The United Nations Secretary General expressed concern on Monday over the sectarian violence in Lebanon, which has intensified in recent days in the wake of the civil war in Syria.
Al Arabiya reported that at least 20 followers of a radical Islamist cleric were found dead in a mosque complex in the southern town of Sidon, following deadly clashes with the Lebanese Army.
The army has taken control of a mosque complex, saying it has lost 12 soldiers in less than 24 hours of clashes. The Islamists were holed up inside the mosque, where radical cleric Ahmad Al-Assir gives his Friday sermons.
The fighting began on Sunday when Assir loyalists flared up violence, the army said in a statement cited by Al Arabiya.
The controversial Sunni sheikh called on his supporters last week to fire on apartments in Abra that he says house members of the Hizbullah terror group.
Abra is home to a mosque where Assir leads the main weekly prayers on Fridays. The sheikh believes Hizbullah uses the Abra apartments to keep him under surveillance.
Two months ago, Sheikh Assir lashed out at Hizbullah for helping Syrian President Bashar al-Assad’s forces fight the predominately Sunni opposition in the country, announcing the formation of “Free Resistance Brigades” to fight Hizbullah in Syria.
He said it was “a religious duty” for his Sunni followers to join the fight against Hizbullah and the Syrian regime.
It was later reported that Lebanese youth were responding to Assir’s call and were signing up for “armed Jihad in Syria.”
Meanwhile, reported AFP, UN chief Ban Ki-moon on Monday appealed to Lebanon’s armed forces to remain loyal to President Michel Sleiman as sectarian tensions fuelled by the Syrian conflict mounted.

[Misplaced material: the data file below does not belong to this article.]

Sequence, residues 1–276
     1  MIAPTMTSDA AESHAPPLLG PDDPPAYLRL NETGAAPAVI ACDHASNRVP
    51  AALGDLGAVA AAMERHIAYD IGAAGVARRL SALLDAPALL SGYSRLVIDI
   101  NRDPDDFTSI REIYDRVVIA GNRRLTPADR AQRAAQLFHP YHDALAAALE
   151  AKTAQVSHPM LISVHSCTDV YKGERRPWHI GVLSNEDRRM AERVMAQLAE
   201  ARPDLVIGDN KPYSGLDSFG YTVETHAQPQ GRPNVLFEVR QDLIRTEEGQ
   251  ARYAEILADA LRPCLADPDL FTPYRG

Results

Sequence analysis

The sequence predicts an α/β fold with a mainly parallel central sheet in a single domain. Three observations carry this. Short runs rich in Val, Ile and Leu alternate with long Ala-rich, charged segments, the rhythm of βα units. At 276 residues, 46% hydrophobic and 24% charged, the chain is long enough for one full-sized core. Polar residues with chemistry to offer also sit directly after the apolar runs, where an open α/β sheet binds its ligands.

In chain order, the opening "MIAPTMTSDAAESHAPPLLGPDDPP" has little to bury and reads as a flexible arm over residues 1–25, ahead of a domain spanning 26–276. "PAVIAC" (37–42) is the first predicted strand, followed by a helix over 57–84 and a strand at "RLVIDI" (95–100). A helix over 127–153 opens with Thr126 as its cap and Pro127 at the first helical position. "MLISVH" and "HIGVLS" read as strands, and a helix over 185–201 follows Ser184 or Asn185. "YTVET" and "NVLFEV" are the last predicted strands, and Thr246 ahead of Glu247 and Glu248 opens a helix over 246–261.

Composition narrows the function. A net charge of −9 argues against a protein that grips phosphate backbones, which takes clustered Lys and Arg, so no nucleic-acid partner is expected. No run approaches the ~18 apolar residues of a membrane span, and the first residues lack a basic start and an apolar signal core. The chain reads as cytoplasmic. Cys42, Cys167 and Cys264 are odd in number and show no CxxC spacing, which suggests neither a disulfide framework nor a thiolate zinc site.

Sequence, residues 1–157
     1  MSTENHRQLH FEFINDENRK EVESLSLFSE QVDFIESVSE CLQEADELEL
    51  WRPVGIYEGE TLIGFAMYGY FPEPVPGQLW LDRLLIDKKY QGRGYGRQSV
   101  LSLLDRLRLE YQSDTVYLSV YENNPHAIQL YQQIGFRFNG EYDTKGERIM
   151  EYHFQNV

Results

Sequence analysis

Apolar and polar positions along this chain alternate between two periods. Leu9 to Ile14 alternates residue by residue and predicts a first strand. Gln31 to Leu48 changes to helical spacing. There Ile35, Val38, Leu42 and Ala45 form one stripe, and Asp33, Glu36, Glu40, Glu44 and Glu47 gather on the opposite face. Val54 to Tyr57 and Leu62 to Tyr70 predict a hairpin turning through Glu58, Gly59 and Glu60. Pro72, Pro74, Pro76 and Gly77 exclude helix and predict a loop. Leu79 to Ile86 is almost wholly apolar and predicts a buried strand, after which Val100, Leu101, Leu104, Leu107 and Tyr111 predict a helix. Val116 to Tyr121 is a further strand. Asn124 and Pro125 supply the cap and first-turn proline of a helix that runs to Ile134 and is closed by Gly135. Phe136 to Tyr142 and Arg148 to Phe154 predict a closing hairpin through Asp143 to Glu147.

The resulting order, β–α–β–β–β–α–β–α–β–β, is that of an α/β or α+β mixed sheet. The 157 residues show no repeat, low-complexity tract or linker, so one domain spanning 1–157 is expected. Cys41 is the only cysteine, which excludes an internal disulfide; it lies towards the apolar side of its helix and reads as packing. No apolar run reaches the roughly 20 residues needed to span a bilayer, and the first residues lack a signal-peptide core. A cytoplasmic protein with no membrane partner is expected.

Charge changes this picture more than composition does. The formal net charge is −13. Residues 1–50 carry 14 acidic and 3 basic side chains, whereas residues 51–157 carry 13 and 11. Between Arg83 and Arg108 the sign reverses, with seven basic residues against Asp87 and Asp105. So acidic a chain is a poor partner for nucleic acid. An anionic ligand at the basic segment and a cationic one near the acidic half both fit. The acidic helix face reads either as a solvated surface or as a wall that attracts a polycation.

Ban is following events in Lebanon with “deep concern,” said UN deputy spokesman Eduardo del Buey.
“He condemns the attacks on the Lebanese Armed Forces, which have led to serious losses in the army,” said del Buey, according to AFP.
Ban “stresses that all in Lebanon should fully respect the authority of the state and its institutions under the leadership of President Sleiman, in particular the Lebanese Armed Forces whose role is essential to protect all Lebanese.”
Syria-related tensions have soared in Lebanon, deepening sectarian rifts between Sunnis and Shiites.
Shiite Hizbullah openly supports Assad's regime and fights along his forces, while the Sunni-dominated opposition backs the rebels fighting it. The Syrian civil war has spilled into Lebanon on more than one occasion.
Lebanon's army recently warned it will hit back against any new attacks from Syria, after a helicopter gunship struck an eastern town.
Sleiman recently cautioned Hizbullah over its fighting alongside regime troops in neighboring Syria.
“The resistance is more noble and more important than anything, and should not get bogged down in the sands of dissension, whether in Syria or Lebanon,” he said in a statement, referring to Hizbullah’s strong stance against Israel.
The Gulf Cooperation Council (GCC) has announced that it will take action against Hizbullah loyalists living in the GCC countries because of the group’s support for Assad.
One of the Gulf states, Bahrain, recently became the first Arab country to blacklist Hizbullah as a terrorist organization and later banned opposition groups from having contact with the organization.